Pascha

PASCHA

 

Objectives:

  1. Students should understand the icon, its characters and its significance.
  2. Students should know the Troparion of the feast and “Christ is risen…”
  3. Students should know the Paschal greeting and response, preferably in several languages.

 

Possible Lesson Plan:

  1. Open with prayer.

 

2.   The icon: again begin with its review and discussion. Christ is the central figure, robed in white (Why?) surrounded by light (Why?), at His feet are the brass gates of Hades, the keys, and the locks that He destroyed.  Adam is being pulled from his tomb by Christ with His right hand and Eve with His left. The righteous from the Old Testament gather on the left; the 2 in the front are Kings David and Solomon. The righteous from the New Testament are those on the right, those who died after the Incarnation and before the resurrection; in front we find St. John the Baptist and St. Joseph. See if the students remember the stories of each of these characters.

 

  1. Scripture references: Matthew 28, Mark 16, Luke 24, John 20. Again divide into 4 groups, each reporting on its gospel to the class.      

 

  1. Service References: Sing them!

Troparion: Thy resurrection, O Christ our Savior, the angel in heaven sing, enable us on earth to glorify thee in purity of heart.

Another Troparion: Christ is risen from the dead, trampling down death by death, and upon those in the tombs bestowing life!

Megalynarion: The angel cried to the Lady full of grace, Rejoice, O pure Virgin. Again I say: Rejoice. Your Son is risen from his three days in the tomb. With himself he has raised all the dead. Rejoice, all ye people. Shine! Shine! O new Jerusalem! The glory of the Lord has shone on you. Exult now and be glad, O Zion! Be radiant, O pure Theotokos, in the resurrection of your Son.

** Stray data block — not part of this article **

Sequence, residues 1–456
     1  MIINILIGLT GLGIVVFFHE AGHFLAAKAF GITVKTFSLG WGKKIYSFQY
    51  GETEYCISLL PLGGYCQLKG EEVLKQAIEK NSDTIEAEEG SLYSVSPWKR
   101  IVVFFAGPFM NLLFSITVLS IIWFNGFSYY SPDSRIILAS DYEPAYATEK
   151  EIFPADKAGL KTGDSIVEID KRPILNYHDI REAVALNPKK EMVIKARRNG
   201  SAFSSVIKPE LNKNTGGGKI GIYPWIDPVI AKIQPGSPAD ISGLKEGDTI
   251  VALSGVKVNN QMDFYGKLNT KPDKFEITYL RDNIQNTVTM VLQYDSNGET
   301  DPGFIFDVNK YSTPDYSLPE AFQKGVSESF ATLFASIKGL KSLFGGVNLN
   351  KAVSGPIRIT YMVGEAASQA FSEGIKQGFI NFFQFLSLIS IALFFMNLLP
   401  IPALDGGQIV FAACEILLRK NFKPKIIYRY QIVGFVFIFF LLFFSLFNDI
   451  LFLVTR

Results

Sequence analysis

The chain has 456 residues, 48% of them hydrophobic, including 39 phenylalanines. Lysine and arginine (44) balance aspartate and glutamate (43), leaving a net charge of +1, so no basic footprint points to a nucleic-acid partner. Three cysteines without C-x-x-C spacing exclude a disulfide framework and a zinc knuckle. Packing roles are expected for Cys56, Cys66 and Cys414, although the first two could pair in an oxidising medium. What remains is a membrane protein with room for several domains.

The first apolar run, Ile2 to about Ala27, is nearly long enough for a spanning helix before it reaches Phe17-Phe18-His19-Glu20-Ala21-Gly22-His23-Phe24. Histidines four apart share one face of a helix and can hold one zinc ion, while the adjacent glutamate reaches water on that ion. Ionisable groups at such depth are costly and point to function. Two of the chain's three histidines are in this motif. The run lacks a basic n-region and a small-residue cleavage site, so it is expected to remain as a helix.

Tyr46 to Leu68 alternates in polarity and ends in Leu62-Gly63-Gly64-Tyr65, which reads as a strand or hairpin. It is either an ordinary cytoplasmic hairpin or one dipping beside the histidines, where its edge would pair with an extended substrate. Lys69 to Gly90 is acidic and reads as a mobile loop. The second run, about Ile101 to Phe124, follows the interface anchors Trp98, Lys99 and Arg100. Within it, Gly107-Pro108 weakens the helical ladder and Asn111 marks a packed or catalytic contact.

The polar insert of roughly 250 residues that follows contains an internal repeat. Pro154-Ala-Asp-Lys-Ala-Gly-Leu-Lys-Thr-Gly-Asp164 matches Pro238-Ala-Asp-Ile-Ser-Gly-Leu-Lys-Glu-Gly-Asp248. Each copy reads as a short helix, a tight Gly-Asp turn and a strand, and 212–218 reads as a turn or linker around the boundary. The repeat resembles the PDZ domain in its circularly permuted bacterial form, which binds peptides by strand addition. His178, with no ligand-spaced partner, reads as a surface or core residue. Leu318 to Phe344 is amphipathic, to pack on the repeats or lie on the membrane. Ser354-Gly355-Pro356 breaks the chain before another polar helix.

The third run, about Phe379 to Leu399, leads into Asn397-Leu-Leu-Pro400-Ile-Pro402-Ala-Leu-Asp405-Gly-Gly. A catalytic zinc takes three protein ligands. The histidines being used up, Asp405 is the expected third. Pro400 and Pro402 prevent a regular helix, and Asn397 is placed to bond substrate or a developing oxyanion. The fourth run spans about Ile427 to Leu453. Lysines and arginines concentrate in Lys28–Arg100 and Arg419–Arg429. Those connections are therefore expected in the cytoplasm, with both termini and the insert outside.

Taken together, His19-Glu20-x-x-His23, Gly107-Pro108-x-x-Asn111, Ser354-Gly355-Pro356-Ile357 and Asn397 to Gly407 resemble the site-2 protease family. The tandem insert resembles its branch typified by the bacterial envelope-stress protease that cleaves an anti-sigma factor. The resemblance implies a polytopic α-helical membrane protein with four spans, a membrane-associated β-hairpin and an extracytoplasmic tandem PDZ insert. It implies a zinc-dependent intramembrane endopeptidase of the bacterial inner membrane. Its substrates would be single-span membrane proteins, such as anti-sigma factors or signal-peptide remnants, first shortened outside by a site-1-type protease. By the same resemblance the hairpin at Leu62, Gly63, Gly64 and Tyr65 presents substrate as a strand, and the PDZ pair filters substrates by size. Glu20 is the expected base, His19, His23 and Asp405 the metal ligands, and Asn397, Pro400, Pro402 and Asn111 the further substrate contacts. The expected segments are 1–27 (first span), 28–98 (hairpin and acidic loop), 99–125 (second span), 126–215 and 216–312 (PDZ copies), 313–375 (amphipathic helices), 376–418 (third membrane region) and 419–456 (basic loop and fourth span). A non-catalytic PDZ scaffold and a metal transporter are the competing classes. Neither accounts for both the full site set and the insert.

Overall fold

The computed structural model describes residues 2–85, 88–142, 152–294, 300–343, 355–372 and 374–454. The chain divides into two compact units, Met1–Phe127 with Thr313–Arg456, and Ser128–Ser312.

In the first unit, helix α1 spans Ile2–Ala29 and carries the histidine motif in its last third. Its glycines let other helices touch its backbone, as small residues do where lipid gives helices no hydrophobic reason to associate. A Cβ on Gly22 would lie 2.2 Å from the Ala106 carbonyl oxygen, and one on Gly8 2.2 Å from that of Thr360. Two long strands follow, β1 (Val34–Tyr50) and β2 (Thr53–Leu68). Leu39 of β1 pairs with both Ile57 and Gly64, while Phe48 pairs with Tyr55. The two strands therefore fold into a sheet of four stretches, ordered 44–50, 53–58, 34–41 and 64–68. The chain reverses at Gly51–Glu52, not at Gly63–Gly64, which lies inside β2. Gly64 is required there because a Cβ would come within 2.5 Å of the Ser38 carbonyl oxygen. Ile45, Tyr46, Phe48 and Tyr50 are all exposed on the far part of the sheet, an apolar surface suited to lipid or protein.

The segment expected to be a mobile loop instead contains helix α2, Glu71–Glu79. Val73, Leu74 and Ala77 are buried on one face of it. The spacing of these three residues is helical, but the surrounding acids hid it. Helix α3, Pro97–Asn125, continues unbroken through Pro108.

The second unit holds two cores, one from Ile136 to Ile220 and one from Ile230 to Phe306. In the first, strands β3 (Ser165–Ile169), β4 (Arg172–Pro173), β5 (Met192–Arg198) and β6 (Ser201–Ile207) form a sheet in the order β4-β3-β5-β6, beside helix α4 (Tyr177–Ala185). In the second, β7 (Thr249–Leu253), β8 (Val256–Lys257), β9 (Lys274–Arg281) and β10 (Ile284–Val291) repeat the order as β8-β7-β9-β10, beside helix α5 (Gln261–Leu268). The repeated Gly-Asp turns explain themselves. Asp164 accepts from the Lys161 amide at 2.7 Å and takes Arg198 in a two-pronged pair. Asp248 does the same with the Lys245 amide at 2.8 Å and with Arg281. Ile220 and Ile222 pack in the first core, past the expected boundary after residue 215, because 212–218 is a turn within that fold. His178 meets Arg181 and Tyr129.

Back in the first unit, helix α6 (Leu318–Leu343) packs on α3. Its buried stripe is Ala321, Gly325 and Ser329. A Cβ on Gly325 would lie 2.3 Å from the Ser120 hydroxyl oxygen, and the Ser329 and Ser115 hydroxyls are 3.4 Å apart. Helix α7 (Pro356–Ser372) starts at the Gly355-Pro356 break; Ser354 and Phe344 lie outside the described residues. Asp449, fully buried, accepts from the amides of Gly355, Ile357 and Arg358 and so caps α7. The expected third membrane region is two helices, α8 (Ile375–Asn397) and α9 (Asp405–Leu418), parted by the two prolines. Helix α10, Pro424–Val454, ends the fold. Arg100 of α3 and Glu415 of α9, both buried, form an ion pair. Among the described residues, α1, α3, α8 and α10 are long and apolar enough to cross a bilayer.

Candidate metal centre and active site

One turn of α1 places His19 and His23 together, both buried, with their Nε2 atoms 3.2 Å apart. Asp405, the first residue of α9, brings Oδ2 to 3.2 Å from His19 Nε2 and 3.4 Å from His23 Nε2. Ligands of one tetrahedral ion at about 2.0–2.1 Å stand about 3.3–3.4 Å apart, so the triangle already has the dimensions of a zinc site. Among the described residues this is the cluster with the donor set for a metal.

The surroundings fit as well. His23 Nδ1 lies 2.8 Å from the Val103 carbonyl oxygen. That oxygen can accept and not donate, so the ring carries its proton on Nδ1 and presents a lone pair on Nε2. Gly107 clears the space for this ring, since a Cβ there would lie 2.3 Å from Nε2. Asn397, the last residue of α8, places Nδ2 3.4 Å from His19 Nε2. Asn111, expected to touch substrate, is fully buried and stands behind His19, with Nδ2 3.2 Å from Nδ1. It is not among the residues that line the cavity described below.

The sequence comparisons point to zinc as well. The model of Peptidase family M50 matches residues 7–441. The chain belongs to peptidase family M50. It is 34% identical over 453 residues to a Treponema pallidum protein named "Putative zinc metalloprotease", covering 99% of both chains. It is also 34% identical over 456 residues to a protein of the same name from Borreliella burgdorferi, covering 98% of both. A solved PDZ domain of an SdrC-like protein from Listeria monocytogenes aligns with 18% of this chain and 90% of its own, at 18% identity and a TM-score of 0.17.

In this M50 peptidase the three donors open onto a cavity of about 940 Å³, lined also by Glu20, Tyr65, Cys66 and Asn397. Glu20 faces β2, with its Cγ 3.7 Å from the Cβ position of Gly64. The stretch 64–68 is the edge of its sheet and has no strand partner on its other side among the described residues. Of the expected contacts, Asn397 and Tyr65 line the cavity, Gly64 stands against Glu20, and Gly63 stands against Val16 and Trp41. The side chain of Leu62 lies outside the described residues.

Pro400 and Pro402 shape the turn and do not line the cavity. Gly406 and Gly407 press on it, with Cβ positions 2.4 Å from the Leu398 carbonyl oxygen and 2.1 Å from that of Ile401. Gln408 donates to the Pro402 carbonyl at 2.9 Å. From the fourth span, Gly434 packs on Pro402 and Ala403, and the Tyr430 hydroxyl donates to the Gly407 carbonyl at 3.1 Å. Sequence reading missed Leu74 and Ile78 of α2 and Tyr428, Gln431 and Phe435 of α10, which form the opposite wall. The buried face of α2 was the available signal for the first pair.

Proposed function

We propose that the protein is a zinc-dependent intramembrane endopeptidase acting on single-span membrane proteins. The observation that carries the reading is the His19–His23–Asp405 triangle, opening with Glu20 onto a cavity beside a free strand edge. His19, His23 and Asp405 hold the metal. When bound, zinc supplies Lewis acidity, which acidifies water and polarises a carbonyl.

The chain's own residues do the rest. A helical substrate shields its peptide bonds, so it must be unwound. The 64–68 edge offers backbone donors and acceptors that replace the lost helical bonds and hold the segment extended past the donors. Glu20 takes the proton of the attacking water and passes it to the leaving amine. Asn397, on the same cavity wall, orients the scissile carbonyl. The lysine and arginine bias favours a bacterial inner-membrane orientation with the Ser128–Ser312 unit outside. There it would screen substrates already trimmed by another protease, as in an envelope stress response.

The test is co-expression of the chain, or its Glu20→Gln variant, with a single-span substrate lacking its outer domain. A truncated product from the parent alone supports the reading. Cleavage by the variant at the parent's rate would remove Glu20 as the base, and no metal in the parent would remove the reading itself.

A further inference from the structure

How do we celebrate Pascha? Resurrection! The Church is in darkness.  Light spreads to all from the Trikirion, the 3 in 1 candle representing the Trinity. We process around the church like the myrrh-bearing women walking to the tomb. Eggs represent new life. We greet each other with:

                        English: Christ is risen! Indeed He is risen!

                        Greek: Christos anesti! Alethos anesti!

                        Russian: Christos voskrese! Voistinu voskrese!

                        Arabic: Al-masi-kam! Haq an qaam!

                        Romanian: Christos inviat! Adeverat inviat!

 

            6. Discussion questions:

Why is the resurrection considered the central truth of Christianity? Was the resurrection a hoax perpetrated by the disciples? (Would each of them later die for what they knew to be a lie?) Or did the authorities move the body? (But why didn’t they then display it to the public when the disciples claimed He had risen and thus prove He was still dead?) Or did Jesus never actually die at all, but just faint? (All contemporary accounts, even those of the Jewish and Roman authorities of the time, agree that He most certainly died.) Did the apostles all have identical “hallucinations” after His death of His appearances?

 

7.   Play a learning game: Holy Week Cards. Pass out cards with the major events of Holy Week, about 4 per person. The class must assemble these cards in chronologic order, producing a time line from Palm Sunday to Pascha.

 

 

  1. Make Easter Banners. Take a piece of felt and staple over a coat hanger. Cut out letters to spell “Christ is Risen.” Let the children cut out other decorations – crosses, flowers, eggs, etc. – or bring in silk flowers or lilies. Glue these onto the banner.

 

  1. Close again with the song and a prayer.